The skeletons discovered in Oxford city center could be remains of viking looters instead of settlers killed in the famous Brice Massacre. Experts believe that the group of 37 men whose remains were found in St giles four years ago could be mercenaries attacking Oxford.
Previously, they thought they were Danish settlers killed by the English inhabitants in the well documented Brice Massacre Day.
The remains of the men, whose ages are between the 16 and 25 years, were found at St. John’s College in 2008 by the Thames Valley Archaeological Services. They were thought to be victims of King Ethelred "the Unprepared", which ordered the death of all Danish settlers in 1002.
- The bones found in Oxford are from Viking mercenaries
Now, after the chemical analysis and tests performed on bones and teeth, a team from the Oxford University School of Archeology has proposed a alternative theory.
Professor Mark Pollard, director of the research laboratory at the School of Archeology, believes the skeletons could belong to Viking mercenaries who were captured and killed in retaliation, rather than Danish settlers who lived in the area.
He says: "When the bones were found by Thames Valley Archeology, they assumed they belonged to the massacre because they belong to that date and there was a historical link. There was evidence of burning in the bones, so this is a possibility. But research has suggested they were Viking invaders. It seems they were invaders who had come from everywhere. I think it was a collection of independent warriors, a bunch of bad guys basically, but not conclusive”.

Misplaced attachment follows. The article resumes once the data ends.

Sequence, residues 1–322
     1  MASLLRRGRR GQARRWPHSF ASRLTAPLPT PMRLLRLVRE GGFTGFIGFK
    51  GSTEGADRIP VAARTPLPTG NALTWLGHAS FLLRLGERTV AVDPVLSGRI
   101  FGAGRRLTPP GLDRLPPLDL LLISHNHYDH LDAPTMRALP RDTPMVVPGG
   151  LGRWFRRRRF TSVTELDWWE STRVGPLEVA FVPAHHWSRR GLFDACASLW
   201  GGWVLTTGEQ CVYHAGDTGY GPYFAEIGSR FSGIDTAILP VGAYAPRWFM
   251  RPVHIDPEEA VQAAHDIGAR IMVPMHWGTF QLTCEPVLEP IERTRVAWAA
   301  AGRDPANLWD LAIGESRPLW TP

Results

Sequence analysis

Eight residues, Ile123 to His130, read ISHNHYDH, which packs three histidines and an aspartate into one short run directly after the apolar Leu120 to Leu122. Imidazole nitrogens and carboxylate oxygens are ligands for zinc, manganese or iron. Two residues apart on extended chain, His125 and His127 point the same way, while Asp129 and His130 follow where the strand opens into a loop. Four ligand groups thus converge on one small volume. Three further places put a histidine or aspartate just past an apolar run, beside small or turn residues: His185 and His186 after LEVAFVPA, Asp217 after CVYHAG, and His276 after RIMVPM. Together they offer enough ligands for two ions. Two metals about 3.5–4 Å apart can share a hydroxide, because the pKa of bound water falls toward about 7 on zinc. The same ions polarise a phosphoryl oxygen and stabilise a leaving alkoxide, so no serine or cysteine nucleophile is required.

But Tom Hassel, former director of Oxford Archeology, suggested another twist to history last night. He says: "After the Day of the Brice Massacre, Oxford was attacked in revenge. The Danish navy sacked Oxford in 1009 and the town succumbed to King Sweyn Forkbeard of Denmark fully in 1013. These men could have been part of those attacks and it might suggest that there was a good battle at Oxford.”.
The original analysis, led by Carl Falys of the Thames Valley Archaeological Services, showed that the men were 'attacked from both sides' and appeared victims of a massacre rather than participants. This supports the claim that they were victims of the Brice Massacre Day.
She says: "Usually when people have been in close combat you have evidence in their bones. You find cuts on his forearms from having defended himself, but we have minimal evidence on the skeletons”. Professor Pollard says this new information indicates diets rich in fish and strong and robust constitutions, suggesting that men they were not citizens like those killed in the massacre, but newcomers to England.
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